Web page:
We investigated tree sway and crown collision behavior of even-aged lodgepole pine (Pinus contorta Dougl. ex Loud. var. latifolia Engelm.) stands of different structure in Alberta, Canada, to examine how these factors might affect loss of leaf area as stands mature. The Two Creeks stand (TC) had high density and slender trees, while the Chickadee stand (CH) had stout trees. The TC stand was then thinned (TCT) to reduce the stand density. For each stand, simultaneous tree sways of a group of 10 trees were monitored with biaxial clinometers during wind speed of 5 m/s (canopy top). Crown collisions were reconstructed by combining sway displacement of individual trees with their respective crown dimensions. Comparing the sway statistics between stands with contrasting mean bole slenderness (TC and CH) indicated that more slender trees have greater sway displacements, faster sway speeds, and a greater depth of collision. Disturbance by thinning increased sway displacements, sway speeds, and depth of collisions at TCT. Tree sway patterns were circular in shape and not aligned with wind direction, but patterns were elongated after thinning. This demonstrates the high frequency of crown collision experienced by stands with slender trees and supports the notion that crown collisions result in empty space between crowns of trees.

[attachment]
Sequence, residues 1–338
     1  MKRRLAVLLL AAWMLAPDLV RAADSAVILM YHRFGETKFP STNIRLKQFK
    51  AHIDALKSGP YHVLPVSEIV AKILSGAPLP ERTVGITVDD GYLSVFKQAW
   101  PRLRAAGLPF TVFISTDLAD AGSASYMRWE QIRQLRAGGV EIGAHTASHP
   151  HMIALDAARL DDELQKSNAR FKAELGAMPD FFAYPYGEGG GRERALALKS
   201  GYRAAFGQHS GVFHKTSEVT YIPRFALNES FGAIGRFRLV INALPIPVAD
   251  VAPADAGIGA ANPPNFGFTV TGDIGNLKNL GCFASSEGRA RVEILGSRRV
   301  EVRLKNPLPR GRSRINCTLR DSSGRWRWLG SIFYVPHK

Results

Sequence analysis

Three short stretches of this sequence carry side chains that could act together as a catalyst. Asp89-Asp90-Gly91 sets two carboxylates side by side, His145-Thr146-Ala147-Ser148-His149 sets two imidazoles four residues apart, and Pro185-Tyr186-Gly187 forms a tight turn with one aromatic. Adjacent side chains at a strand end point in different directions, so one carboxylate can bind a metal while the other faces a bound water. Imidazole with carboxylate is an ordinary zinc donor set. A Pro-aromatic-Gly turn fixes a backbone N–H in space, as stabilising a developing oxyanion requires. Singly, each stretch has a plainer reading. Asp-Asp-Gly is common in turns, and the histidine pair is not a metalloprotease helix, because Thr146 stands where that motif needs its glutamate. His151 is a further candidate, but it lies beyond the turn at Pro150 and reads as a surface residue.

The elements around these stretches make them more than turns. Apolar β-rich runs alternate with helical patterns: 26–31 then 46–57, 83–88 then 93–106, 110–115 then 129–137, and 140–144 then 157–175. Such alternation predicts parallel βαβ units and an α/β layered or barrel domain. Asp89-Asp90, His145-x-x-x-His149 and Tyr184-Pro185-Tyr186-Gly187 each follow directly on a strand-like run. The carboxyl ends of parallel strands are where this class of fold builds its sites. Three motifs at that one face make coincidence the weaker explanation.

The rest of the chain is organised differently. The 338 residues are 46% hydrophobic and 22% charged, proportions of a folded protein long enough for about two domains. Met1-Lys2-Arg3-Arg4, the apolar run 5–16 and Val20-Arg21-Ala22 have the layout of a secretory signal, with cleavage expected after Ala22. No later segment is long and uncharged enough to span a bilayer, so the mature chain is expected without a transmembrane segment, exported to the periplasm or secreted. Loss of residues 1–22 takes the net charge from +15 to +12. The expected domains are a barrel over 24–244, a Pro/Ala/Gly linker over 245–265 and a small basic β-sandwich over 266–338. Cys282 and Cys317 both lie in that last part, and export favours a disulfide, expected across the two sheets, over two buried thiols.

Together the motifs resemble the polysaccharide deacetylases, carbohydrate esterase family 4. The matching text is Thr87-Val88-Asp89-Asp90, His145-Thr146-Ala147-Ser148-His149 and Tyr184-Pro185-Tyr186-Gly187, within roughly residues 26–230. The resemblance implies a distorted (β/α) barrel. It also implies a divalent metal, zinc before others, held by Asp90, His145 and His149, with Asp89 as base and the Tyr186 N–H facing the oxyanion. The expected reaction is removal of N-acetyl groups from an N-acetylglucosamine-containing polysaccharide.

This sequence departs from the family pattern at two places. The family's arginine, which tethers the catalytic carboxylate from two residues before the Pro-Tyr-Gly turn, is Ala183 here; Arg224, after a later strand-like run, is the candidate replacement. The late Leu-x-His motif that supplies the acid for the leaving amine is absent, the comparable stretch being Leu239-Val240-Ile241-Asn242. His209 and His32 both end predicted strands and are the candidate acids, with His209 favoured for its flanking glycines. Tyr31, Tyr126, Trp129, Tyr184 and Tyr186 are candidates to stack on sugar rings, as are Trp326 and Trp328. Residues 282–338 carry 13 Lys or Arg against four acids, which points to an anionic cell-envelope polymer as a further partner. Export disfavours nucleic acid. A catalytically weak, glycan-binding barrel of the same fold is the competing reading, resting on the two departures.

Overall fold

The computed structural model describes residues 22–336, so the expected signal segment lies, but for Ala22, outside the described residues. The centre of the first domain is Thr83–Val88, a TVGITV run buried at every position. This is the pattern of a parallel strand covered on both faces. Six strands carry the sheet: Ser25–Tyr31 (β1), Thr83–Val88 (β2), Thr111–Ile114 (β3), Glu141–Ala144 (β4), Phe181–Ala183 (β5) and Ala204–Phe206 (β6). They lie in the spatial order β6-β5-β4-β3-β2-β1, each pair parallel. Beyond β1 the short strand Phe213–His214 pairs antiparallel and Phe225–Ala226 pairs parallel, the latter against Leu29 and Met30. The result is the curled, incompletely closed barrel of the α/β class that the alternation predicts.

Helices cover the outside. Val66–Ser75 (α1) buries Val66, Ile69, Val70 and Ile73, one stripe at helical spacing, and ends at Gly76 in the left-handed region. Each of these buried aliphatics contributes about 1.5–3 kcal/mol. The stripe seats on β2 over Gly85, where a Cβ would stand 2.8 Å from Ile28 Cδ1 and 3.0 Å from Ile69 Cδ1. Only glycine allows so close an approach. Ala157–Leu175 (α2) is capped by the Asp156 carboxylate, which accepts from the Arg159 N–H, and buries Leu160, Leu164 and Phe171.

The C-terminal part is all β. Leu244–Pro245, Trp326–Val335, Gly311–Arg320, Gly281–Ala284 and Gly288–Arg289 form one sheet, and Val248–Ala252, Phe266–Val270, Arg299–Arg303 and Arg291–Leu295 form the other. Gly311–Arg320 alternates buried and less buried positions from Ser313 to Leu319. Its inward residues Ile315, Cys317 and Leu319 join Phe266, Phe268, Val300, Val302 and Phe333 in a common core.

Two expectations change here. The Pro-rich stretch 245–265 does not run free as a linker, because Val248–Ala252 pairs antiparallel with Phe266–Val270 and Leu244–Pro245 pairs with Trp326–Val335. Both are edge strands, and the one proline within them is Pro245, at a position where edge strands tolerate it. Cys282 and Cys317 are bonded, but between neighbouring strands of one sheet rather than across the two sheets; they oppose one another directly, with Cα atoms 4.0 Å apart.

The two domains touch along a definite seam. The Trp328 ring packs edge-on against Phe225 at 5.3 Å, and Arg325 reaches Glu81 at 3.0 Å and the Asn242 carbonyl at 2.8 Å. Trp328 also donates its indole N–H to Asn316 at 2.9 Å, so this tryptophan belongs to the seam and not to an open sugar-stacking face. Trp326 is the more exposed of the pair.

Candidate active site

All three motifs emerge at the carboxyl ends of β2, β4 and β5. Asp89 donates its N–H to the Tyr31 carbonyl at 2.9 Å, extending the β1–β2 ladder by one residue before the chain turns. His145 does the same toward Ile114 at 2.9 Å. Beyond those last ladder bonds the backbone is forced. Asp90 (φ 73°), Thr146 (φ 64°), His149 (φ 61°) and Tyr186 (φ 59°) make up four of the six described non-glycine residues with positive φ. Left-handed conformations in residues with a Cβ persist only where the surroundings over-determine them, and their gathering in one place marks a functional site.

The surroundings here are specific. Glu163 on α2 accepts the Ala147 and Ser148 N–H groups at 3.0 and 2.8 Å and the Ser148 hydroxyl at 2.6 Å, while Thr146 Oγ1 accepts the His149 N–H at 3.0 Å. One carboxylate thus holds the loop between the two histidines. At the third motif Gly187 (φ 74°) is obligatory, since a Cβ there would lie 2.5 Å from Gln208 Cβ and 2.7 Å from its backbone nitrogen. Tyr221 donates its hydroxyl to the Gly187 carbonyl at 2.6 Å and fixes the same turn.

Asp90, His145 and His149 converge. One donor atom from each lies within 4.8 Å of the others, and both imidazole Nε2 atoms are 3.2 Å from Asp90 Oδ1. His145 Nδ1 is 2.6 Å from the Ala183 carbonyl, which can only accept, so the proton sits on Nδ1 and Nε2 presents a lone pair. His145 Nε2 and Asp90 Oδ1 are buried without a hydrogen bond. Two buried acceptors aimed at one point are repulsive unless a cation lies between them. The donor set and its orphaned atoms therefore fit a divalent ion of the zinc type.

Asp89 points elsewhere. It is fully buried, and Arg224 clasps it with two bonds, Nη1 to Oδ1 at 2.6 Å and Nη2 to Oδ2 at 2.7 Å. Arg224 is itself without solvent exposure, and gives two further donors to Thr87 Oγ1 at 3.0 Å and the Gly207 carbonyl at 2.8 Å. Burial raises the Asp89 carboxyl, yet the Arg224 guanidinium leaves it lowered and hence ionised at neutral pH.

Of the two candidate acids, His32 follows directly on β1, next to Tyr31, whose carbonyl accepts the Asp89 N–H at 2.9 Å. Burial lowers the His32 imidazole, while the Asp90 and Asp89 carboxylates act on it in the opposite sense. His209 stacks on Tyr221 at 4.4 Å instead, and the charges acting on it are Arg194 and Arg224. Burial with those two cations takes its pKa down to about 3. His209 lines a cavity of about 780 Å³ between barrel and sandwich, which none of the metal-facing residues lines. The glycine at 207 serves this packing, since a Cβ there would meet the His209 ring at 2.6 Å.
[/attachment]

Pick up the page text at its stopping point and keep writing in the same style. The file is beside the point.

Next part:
Rudnicki, Mark; Lieffers, Victor J.; and Silins, Uldis, "Stand Structure Governs the Crown Collisions of Lodgepole Pine" (2003). Department of Natural Resources and the Environment Articles. Paper 1.